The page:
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9

100% ACB- just using a work around knowing that there is virtually no resources to check
 

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3

Restrictions on foreign buyers introduced in late 2018 mean people who are not citizens cannot buy most types of homes, except for new apartments in developments and multi-storey blocks. But agents are anticipating an upswing in interest from Chinese buyers as the new lunar year begins, with many buying property through family members living in New Zealand.

Barfoot & Thompson director Peter Thompson said his firm had seen Chinese buyer numbers fall since the restrictions, although they still made up 25 per cent of its sales.

"Many have family here in New Zealand and they often buy property through them. The hardest part is not in fact the legislation, but getting their money out of China."

https://www.stuff.co.nz/life-style/homed/real-estate/118997122/real-estate-agents-target-chinese-new-year-buyer-boom

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3

I less than fondly remember when there was a material amount of offshore buying and the National government flatly denied it was happening.  Yet everyone in Auckland knew that was a lie, supported by giant billboards near the airport extolling the virtues of listing your property on that Chinese real estate website and even similar posters on the air bridges.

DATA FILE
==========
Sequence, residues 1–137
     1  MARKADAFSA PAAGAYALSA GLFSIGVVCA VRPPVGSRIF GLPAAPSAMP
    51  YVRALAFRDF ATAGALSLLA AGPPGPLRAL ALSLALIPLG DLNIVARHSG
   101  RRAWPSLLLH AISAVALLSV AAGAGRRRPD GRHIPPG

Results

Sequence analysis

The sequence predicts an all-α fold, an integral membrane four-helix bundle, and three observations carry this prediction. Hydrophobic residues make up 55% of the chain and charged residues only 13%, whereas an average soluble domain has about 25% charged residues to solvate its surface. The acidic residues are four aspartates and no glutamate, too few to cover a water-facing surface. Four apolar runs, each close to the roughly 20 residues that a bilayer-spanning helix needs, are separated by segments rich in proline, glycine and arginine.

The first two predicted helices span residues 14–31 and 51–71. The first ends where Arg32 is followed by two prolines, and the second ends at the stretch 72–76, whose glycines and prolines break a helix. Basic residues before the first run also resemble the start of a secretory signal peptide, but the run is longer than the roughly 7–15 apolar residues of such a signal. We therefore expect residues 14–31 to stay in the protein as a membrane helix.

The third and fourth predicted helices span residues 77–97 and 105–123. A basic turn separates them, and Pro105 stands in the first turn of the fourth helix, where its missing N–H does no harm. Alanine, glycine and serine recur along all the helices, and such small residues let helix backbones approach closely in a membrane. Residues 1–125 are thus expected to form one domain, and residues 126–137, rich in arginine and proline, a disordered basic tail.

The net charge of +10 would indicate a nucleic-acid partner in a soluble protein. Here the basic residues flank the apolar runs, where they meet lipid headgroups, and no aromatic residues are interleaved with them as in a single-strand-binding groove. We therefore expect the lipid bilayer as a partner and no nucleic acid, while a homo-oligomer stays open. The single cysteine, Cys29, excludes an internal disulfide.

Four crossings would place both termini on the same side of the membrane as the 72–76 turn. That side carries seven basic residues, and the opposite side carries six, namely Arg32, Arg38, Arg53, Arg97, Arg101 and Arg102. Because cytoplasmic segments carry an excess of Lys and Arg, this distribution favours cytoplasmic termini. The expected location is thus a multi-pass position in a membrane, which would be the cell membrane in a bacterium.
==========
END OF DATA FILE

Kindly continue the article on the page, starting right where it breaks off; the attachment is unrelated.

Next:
Then to top it all off, Key sells his mansion to an offshore Chinese buyer.  

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12

Yup, it was obvious what was going on.  I wonder if the likes of the Nats really thought we would believe their propaganda or they just didn't care.

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7

As much as I don't want to vote Labour. If national get back they will open the floodgates to waves of more Chinese immigration and investors. 

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5

As long as they could make a quick buck the impact on younger generations didn't seem to matter.

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1

Well (given the limitations of the data that's available), one would have to say that a 91% decline is a measure of the success of the policy. It's what it set out to do, and it seems to have succeeded.

 

Mind you, you would have to be a total muppet buying in the NZ market now and for the next 12 months at least.........

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6